working class families, but came to dominate and document social and political life in the urban ghettoes of Durban and other South African cities from the 1950s. Kally and his peers cut their teeth at small Indian family-owned and Zululanguage newspapers in Durban, and had to spend their working lives in the cultural sections of mainstream newspapers. They earned a pittance as freelancers, and Kally and others became adept at finding work as wedding or commercial photographers. I grew up knowing Kally and GR Naidoo, the legendary photographer and editor of Drum magazine, because they were friends of my uncle, also a photographer. They were considered celebrities in our community; everyone knew them and they knew everyone.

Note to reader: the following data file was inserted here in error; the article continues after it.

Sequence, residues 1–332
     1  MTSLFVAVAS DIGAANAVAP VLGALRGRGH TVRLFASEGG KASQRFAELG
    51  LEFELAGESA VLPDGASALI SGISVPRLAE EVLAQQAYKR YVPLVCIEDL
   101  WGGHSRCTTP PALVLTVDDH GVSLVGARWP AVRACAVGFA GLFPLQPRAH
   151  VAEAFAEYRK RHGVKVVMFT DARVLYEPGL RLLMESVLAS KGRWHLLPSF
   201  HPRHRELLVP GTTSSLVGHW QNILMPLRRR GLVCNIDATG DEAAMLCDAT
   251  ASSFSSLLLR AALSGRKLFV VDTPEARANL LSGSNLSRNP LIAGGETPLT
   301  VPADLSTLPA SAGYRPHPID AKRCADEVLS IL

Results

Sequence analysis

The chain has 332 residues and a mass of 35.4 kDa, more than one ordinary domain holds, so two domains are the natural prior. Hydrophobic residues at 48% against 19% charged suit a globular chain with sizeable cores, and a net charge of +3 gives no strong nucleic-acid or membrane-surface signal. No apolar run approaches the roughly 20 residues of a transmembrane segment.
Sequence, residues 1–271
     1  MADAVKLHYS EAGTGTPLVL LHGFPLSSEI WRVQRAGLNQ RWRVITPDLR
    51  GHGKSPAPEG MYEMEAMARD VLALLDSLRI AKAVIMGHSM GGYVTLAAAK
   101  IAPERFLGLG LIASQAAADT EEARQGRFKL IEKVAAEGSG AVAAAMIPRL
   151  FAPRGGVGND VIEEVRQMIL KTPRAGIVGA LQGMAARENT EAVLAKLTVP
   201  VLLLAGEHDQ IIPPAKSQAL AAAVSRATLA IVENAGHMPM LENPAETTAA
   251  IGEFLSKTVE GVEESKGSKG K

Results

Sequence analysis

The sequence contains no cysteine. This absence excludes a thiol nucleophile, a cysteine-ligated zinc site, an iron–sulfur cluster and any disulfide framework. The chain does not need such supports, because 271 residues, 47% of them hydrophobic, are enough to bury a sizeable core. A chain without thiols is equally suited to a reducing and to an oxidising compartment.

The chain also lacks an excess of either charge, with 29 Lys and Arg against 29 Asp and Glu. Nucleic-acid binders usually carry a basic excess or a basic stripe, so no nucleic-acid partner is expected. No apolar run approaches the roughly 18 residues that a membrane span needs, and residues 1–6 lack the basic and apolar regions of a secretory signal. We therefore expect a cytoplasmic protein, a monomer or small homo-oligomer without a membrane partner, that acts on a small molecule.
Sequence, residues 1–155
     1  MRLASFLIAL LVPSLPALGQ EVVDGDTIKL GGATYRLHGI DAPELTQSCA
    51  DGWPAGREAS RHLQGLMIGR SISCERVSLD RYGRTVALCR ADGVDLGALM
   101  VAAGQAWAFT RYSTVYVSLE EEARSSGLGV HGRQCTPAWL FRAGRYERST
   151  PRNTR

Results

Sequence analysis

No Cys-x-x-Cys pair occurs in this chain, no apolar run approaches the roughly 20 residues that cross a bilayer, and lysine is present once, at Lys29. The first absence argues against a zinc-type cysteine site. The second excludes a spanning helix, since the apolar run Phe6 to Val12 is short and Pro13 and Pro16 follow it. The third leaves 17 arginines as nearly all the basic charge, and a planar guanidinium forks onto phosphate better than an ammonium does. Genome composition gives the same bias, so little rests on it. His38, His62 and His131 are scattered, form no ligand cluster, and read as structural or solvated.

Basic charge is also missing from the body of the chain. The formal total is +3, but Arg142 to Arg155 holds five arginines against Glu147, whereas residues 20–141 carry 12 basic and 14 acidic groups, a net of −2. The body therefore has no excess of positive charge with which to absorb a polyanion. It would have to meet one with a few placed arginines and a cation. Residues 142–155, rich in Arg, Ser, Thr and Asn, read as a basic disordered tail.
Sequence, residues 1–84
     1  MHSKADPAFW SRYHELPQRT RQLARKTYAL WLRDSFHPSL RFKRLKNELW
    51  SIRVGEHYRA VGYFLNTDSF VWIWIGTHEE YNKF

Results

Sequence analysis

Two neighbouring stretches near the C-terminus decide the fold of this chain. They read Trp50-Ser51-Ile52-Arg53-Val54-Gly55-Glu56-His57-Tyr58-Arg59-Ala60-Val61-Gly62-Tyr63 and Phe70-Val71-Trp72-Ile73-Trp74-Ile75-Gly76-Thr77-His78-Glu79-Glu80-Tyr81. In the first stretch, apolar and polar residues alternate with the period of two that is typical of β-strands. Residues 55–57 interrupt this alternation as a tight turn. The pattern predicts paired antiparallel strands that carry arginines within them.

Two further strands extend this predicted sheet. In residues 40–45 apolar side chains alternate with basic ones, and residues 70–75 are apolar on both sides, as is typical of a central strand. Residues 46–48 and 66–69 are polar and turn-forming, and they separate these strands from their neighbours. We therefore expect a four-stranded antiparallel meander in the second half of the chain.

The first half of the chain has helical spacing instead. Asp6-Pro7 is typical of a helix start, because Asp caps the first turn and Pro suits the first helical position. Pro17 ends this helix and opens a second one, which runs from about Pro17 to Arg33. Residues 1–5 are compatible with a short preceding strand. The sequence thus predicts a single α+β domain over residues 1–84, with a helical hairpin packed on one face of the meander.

In 1978, I was visiting the Sunday Times Extra newsroom and Kally asked me if I wanted to take over his darkroom, and that became my office.
Twice he visited me and tipped me off that security police were keeping a close eye on me. On the second occasion he told me about an impending raid.
In the past 12 months, Kally and I became very close. I would visit him in Durban, or in Johannesburg when he was visiting one of his daughters.
He was very concerned that his archive find a home and be loved.
Last week he called one of my colleagues to enquire if I was in Johannesburg and to inform them that he was in hospital and that I should visit him. Unfortunately, I had bad flu and was unable to.
Legendary South African photographer Ranjith Kally was a dominant figure